Meditation may improve mood and anxiety for patients with memory loss, according to a new study.
Various forms of meditation have been practiced for thousands of years throughout the world, with many techniques originating in spiritual traditions, particularly in Eastern philosophical and religious practices. In modern times, numerous meditation types are in use, often outside of their original religious and cultural contexts.
In a new study, researchers analyzed data on 15 patients with memory problems. The patients participated in an 8-week meditation program consisting of 12 minutes of meditation daily. Each participant was assessed for changes in mood, anxiety and a variety of other neurological and psychological factors.
The researchers found that meditation resulted in improvements in several outcome measures, including mood, anxiety and fatigue. The authors noted that some measurements were significantly improved, and that all major changes were linked to blood flow in the brain.
The authors concluded that meditation may improve mood and anxiety for patients with memory loss. However, larger-scale, well-designed clinical trials are necessary before any firm conclusions can be made.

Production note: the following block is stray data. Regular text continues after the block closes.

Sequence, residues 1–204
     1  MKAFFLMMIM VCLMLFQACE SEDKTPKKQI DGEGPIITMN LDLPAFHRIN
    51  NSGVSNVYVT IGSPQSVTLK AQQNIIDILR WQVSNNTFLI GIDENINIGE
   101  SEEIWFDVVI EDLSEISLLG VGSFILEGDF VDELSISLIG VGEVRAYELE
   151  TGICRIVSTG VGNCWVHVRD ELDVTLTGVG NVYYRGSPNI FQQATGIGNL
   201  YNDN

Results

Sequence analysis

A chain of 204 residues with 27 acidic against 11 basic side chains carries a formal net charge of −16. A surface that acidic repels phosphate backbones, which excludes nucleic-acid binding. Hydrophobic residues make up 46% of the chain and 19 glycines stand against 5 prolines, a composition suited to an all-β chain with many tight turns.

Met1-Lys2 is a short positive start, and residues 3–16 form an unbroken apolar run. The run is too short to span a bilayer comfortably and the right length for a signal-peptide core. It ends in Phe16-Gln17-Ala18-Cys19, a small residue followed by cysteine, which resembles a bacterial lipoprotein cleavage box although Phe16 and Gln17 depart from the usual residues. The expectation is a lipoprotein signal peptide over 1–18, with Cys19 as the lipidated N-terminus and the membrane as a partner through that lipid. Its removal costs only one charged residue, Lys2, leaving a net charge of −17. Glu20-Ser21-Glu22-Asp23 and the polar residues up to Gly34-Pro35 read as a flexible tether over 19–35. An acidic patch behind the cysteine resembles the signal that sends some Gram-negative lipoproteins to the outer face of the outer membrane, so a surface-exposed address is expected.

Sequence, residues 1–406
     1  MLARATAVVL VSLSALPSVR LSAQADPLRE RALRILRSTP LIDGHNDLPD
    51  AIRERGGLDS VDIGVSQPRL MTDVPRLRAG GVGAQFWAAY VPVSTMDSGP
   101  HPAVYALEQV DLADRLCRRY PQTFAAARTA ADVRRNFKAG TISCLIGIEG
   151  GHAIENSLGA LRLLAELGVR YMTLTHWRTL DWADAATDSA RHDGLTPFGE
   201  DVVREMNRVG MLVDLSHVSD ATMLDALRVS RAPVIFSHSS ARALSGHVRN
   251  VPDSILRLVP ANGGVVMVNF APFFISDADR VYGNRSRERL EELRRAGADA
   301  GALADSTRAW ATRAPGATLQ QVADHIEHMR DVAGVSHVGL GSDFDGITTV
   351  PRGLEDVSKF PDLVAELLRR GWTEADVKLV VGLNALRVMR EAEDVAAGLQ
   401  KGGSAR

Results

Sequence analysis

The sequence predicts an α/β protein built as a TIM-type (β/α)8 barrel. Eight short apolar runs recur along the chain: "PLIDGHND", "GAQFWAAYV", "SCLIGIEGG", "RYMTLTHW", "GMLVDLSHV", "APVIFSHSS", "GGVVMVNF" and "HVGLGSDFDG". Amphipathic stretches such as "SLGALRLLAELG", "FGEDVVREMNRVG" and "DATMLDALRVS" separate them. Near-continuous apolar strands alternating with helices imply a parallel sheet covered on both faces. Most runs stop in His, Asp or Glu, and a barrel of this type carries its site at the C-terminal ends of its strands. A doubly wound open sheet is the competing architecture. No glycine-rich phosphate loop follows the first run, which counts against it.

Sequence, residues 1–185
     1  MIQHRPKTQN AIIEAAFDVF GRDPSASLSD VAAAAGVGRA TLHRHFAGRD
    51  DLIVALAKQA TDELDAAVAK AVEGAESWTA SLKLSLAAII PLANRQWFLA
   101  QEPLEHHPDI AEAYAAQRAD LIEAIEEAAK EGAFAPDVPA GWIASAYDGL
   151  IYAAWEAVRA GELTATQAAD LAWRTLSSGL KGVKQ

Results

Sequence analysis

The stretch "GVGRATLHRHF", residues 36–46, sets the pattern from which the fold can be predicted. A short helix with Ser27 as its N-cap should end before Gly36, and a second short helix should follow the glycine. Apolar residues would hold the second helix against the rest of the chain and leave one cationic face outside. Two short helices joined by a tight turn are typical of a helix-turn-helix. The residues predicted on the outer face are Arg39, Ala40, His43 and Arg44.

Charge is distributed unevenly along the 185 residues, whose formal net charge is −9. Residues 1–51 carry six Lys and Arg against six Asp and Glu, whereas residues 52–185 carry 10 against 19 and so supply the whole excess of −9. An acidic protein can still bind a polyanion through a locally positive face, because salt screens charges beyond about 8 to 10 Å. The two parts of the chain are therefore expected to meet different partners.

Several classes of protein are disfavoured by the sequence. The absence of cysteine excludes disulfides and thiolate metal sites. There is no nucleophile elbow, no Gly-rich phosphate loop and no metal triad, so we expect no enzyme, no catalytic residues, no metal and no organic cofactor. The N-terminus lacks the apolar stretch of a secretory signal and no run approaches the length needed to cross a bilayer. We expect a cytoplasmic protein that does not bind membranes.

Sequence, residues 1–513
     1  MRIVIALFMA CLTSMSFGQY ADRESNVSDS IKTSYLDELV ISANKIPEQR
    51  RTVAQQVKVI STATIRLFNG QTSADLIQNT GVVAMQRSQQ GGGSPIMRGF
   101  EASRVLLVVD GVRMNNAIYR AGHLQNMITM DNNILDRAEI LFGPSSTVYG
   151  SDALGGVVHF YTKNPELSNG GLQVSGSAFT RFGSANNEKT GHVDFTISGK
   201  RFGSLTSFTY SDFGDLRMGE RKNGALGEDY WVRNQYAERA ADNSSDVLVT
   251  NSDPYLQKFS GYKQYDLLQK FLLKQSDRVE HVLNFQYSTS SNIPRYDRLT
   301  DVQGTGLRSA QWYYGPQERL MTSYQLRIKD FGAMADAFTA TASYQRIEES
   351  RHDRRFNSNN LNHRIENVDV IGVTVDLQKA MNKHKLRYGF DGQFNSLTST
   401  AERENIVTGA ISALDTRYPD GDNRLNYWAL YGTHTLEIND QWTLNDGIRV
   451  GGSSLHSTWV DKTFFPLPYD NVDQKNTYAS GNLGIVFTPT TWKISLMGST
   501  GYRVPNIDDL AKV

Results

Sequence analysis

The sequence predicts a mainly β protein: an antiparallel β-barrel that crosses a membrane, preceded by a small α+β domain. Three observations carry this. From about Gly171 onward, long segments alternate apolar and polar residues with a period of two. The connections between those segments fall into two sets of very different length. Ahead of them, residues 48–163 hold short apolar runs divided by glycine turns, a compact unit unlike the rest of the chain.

Numerous theories have been advanced around the mechanisms of action and potential benefits of meditation. It has been suggested that meditation reduces activity of the sympathetic nervous system, which is responsible for the "fight or flight" response, leading to a slower heart rate, lower blood pressure, slowed breathing and muscle relaxation.
Various forms of meditation, including mindfulness, transcendental meditation®, and "meditation-based stress reduction programs" have been studied for their effects on anxiety. Better studies are needed before a conclusion can be made.
For more information about meditation, please visit Natural Standard's Health & Wellness Database.